In 37 years in the work force, some as an employee, most in management, there’s only one motivator I’ve personally come across that caused large numbers of individuals to immediately improve their job performance.
The Problem: At the time I was a young man loading trucks for a large national trucking company. Management’s problem was “miss-sorts,” too many packages chronically loaded onto the wrong trucks, resulting in costly delivery delays. This was the situation: The section of the plant I worked in had six trucks, all bound for different parts of the U.S., backed up to bays in front of which boxes flowed by on a conveyor belt. Two people worked each truck: a “pickoff man” (or woman, we had one in the job in the two years I worked there) who picked the boxes off the conveyor belt, and a loader who stacked the boxes inside the truck. It was a fast operation and boxes moved quickly. Try as one might to read all labels carefully, in the sea of boxes up to 50 pounds flowing down the belt a pickoff man generally misread a few labels during each shift.
This problem could be virtually eliminated if the loader also read the labels inside the truck, providing a double check. This was a union shop, however, so management authority was a somewhat constrained, but the more pressing issue was that loaders strongly disliked double-checking the labels. In fact (as I well remember), it was a challenging job: The trucks had little light in them, so it was difficult to see, and it was bitter cold in winter and sweltering in summer. Loading was OK when one was left alone to a continuous rhythm of mindless labor, but straining to read each label in dim light added a markedly stressful element. For the most part management accepted the situation, occasionally pushing for more diligent inside-the-truck double checking, but generally acknowledging the task’s inherent difficulty.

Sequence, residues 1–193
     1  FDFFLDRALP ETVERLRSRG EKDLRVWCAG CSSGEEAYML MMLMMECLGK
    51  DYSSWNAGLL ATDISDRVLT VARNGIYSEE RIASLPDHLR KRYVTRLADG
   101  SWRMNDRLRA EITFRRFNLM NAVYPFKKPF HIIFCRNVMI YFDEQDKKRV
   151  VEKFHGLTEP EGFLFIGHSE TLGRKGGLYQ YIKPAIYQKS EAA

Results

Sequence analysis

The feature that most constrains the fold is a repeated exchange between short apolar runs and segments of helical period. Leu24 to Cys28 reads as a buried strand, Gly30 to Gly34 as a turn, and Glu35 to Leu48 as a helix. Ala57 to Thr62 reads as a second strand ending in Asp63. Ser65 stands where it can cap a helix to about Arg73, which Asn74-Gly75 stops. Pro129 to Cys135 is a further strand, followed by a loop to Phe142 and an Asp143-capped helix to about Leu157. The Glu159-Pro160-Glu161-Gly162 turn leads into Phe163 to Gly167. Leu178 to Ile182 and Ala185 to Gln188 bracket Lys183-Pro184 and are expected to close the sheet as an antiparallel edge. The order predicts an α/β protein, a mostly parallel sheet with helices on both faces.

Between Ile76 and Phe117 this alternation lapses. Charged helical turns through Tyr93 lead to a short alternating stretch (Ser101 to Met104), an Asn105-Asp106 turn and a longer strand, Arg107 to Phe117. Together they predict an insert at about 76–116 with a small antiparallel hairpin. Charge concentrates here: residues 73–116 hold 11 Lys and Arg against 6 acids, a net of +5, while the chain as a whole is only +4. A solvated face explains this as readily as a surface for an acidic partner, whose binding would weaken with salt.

The creative solution: At one point, however, when miss-sorts became too costly an issue, management devised a new incentive program. Overnight it changed all of the loaders’ collective behavior and resolved the problem.
What was the motivator? It was unexpectedly simple: Molson Beer.